# What happens to the helicopter when

What happens to the helicopter when....

Hello all, I recently came up with an interesting situation in which I cannot predict the outcome. This is purely an item of interest, not an experiment I intend to try.

After flying my ultra-micro rc helicopter today, I thought of a strange scenario. The product is advertised as being able to fly anywhere, with regards to space limitations, like in the house or garage.

The scenario is this; a micro helicopter, hovering inside the the back of a van or box truck. If the truck is driving down the road at any given velocity, say 60 miles per hour, and smashes into a wall, what happens to the helicopter?

Does it crash into the windshield, or simply remain hovering in its restricted airspace?

This situation has me baffled, as it is a stiuation of zero airspeed, yet the airspace is travelling at speed. Like I stated, this is just an item of interest, please do not attempt to test this "at home".

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HallsofIvy
Homework Helper

The helicopter will maintain it forward velocity even after the truck stops. It would move forward. Whether or not it would "crash into the windshield" depends upon the speed. This is a situation of zero airspeed relative to the truck. It has speed relative to the ground.

That was my initial impression as well, but why is the helicopters velocity relative to the truck? The vehicle is only surounding the helicopter; it is not in contact with it. I understand the concept that when a vehicle accelerates, stationary objects move the opposite direction, but why is this velocity relative to the ground?

This could be considered in larger scale by supposing the earth stopped spinning; would a full size aircrafts' velocity be altered? It was travelling at V velocity, so what impact would the movement of the ground below it have?

Rob D
Gold Member

A very simple experiment should answer your question. Take a ping-pong ball or any small object and hang it by a thread a foot or so below the head liner of your car.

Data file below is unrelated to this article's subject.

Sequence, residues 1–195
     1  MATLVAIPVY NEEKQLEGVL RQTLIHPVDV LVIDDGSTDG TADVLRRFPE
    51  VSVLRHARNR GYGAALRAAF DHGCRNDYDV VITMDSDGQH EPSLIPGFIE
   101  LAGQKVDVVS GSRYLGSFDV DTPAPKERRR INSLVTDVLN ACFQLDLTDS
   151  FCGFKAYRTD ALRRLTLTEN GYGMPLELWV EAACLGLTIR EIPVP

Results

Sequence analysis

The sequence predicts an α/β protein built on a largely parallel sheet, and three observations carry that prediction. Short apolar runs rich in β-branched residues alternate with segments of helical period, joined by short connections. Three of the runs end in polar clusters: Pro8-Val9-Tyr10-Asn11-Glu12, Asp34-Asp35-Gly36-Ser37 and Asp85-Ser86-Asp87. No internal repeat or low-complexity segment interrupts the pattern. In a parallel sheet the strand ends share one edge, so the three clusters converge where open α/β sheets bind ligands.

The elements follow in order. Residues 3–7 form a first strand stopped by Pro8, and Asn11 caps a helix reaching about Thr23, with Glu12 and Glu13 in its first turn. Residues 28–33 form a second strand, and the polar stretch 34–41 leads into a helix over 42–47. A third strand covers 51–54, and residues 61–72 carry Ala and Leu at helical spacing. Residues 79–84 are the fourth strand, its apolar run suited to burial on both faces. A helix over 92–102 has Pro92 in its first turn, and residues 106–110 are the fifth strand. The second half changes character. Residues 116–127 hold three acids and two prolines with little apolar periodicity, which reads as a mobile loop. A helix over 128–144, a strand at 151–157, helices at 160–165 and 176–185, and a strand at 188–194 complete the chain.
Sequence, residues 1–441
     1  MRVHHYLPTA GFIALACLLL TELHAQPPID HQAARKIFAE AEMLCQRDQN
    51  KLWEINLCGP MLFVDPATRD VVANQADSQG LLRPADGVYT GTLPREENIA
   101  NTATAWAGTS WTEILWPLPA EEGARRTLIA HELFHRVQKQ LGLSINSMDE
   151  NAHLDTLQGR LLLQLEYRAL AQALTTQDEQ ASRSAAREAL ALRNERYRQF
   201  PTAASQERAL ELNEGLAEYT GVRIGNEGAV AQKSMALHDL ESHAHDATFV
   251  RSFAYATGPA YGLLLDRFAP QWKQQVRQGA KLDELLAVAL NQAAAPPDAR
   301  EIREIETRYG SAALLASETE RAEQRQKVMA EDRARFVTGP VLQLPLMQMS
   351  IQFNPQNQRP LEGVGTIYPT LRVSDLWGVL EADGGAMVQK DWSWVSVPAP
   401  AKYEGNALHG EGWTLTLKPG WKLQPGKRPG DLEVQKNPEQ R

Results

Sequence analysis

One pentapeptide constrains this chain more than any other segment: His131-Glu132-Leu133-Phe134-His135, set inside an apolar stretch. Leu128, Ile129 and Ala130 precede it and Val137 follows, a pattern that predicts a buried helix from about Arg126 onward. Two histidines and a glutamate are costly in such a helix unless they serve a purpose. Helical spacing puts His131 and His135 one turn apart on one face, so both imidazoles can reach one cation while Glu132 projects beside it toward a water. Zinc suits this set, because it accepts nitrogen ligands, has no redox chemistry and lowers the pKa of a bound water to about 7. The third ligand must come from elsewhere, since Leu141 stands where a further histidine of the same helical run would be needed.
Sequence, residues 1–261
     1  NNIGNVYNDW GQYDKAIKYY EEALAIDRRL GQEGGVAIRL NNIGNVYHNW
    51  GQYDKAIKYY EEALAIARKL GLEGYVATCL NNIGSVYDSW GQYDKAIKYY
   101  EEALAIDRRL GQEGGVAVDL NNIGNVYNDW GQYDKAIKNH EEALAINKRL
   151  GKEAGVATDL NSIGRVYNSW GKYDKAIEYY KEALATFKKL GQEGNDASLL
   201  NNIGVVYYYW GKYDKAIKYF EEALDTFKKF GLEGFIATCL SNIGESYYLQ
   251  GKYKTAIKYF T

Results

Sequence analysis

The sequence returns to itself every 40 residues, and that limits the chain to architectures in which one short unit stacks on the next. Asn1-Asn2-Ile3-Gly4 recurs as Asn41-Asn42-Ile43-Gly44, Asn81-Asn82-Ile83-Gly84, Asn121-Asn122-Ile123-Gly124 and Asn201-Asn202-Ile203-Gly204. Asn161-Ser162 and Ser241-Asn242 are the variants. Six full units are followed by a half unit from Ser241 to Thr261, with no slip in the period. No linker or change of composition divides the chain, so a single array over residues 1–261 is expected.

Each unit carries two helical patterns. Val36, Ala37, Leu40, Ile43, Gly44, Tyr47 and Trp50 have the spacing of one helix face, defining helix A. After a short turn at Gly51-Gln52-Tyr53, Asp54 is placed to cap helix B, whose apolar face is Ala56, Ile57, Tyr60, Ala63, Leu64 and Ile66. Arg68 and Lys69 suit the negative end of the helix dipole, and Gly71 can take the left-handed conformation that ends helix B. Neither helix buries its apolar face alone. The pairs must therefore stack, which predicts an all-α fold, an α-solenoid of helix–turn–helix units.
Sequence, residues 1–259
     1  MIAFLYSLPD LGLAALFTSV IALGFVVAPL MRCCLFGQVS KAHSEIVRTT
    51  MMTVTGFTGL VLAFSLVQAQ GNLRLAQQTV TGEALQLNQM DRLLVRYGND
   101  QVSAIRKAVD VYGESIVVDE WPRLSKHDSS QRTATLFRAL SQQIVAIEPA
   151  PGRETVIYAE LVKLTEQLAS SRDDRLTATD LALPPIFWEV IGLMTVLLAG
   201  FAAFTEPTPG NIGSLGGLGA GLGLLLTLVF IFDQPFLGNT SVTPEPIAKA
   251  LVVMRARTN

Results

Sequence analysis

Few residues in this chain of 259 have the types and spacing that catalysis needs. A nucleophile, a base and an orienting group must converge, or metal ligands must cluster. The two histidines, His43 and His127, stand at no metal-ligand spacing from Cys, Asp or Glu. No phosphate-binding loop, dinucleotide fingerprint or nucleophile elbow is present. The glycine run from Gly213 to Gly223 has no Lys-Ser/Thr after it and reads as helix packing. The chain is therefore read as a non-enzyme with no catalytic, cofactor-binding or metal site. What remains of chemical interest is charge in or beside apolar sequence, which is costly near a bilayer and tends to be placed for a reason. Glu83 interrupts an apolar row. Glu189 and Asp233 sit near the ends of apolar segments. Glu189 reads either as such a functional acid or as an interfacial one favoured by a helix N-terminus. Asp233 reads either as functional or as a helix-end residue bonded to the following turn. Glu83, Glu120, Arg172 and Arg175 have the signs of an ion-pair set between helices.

Now drive and you will see that when you accelerate or decelerate, the ball will swing aft or forward as is appropriate. It does so because gravity and inertia act seperately on each part of the vehicle but those that are not rigidly attached to the car and are free to move, do.
Likewise, if you turn a corner hard the ball will move to the outside of the turn driven by centrifugal force which is acting on all parts of the vehicle system. But, as in the previous example, the ball is free to move where other parts of the car, such as the rear view mirror are not.

In the case raised in your question, should the van violently crash into a wall, the helicopter will smash into the front of the van's interior, probably the windshield.

There's math that goes along with this if you need it.

Best,
Rob

K^2

A very simple experiment should answer your question. Take a ping-pong ball or any small object and hang it by a thread a foot or so below the head liner of your car.

Now drive and you will see that when you accelerate or decelerate, the ball will swing aft or forward as is appropriate.
And if he uses a helium balloon, he will get an opposite effect. Sometimes, you shouldn't oversimplify.

W201028 said:
That was my initial impression as well, but why is the helicopters velocity relative to the truck? The vehicle is only surounding the helicopter; it is not in contact with it. I understand the concept that when a vehicle accelerates, stationary objects move the opposite direction, but why is this velocity relative to the ground?
Newton's first law of motion applies to inertial frames of reference. In a collision, truck accelerates, so "relative to the truck" isn't an inertial frame of reference. If you do describe the situation relative to the truck, because your frame of reference is accelerated, you pick up a fictitious force that acts on the helicopter and pushes it forward relative to the truck. But that's a bit complicated. Your best bet is to pick an inertial frame of reference. Relative to ground works fine for that, because ground isn't going to suddenly accelerate in collision. So relative to ground, there will be a tendency to maintain velocity as per Newton's first law.